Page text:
Claim your curiosity.

Erick Oduniyi

Student Spotlight | February 2018

Major: Computer Engineering

Describe your work in a few sentences that we can all understand: The goal of this research is to understand the acoustical, linguistic, and statistical properties that support and influence language learning. To do this, we're building a speech recognition system that is modeled on baby-talk (also known as child-directed speech) and assessed on the ability to recognize typical adult speech. If you want to learn more about the project my research progress is available at:

Q: Who mentors your project?

A: Dr. Nicole Beckage and Dr. Jonathan Brumberg.


Q: What surprised you about doing research?

A: It's really creative.     


Q: What did you find most challenging about getting involved in or doing your project? What advice would you offer to students facing similar challenges?

A: I think trying to synthesize past research into a novel, interesting, and testable idea is really challenging. Turns out, a lot of people have really similar ideas, while some ideas are novel, but difficult to test. Whenever I have difficulty with a technical concept or task I go to my advisors. They always point me in the right direction.


Q: What do you like most about your project?

A: It's people focused. We're using engineering tools to better understand humanity.


Q: What advice would you give to a friend wanting to get involved in research?

A: First, think about questions you want to explore in a scientific setting. Then, find faculty who might have an interest in your question(s) or have projects and ideas you find interesting. Finally, contact them and have a chat about your interest and about the possibility of pursuing undergraduate research with them. Some faculty are really busy, so you may need to repeat this until you're involved in a research project!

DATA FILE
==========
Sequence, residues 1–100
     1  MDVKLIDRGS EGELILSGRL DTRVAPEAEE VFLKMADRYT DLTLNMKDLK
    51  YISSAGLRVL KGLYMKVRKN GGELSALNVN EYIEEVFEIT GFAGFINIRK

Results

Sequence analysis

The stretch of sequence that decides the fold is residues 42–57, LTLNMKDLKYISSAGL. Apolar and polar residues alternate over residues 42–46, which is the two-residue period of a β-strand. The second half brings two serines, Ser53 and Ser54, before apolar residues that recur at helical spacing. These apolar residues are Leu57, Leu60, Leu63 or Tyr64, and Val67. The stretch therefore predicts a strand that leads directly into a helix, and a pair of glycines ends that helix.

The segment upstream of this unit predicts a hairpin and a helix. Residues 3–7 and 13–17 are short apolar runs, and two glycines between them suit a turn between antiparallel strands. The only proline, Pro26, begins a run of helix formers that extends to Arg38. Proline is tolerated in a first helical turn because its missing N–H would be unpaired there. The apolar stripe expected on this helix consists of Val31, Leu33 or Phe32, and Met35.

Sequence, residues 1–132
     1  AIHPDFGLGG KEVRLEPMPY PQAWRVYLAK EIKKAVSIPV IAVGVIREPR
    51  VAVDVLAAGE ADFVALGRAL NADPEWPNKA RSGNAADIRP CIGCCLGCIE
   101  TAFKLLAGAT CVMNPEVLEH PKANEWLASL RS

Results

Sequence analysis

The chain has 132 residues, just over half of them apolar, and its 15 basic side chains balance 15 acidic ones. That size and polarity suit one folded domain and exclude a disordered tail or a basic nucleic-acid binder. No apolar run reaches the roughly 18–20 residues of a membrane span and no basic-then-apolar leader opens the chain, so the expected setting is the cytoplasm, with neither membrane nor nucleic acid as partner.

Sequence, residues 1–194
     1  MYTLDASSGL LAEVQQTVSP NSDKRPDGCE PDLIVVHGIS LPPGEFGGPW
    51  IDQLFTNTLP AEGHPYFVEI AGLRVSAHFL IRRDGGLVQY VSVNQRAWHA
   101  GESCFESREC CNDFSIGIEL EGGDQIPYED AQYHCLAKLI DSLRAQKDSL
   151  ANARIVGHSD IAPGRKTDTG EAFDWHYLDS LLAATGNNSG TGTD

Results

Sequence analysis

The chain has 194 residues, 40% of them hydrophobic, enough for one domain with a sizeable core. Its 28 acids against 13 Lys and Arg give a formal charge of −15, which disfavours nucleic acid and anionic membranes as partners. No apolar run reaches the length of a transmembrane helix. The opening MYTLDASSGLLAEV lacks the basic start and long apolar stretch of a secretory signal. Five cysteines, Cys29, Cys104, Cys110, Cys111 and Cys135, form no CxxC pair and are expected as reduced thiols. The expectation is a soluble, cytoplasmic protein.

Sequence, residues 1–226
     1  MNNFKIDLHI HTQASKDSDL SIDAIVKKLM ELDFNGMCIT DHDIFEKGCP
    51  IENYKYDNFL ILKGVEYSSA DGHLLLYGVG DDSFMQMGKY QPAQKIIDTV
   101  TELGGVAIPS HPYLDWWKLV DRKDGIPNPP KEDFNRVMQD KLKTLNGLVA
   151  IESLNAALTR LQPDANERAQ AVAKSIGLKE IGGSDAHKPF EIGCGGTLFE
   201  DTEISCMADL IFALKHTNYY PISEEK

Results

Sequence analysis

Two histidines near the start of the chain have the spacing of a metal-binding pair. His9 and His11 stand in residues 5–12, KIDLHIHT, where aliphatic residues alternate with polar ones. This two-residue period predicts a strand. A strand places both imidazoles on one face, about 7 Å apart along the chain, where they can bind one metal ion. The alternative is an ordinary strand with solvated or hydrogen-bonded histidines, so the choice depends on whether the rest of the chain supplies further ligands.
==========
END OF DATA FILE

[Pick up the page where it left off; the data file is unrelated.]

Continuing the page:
Q: How do you spend your time when you're not working on your research?

A: Studying, working on other projects, DJing at KJHK 90.7, and listening to people and their stories.


Spotlight Search



Connect With Us
Research teaches critical thinking and problem solving — top skills sought by employers
KU is a member of the Council on Undergraduate Research
More than 1,200 students have received Undergraduate Research Awards since 1986
KU's first valedictorian, Flora Richardson, conducted research as an undergraduate before graduating in 1873
Use research to apply what you learned in the classroom to a real problem
Students who perform research develop strong relationships with KU faculty
Research is a hands-on way to explore career options
One of 34 U.S. public institutions in the prestigious Association of American Universities
44 nationally ranked graduate programs.
—U.S. News & World Report
Top 50 nationwide for size of library collection.
5th nationwide for service to veterans —"Best for Vets: Colleges," Military Times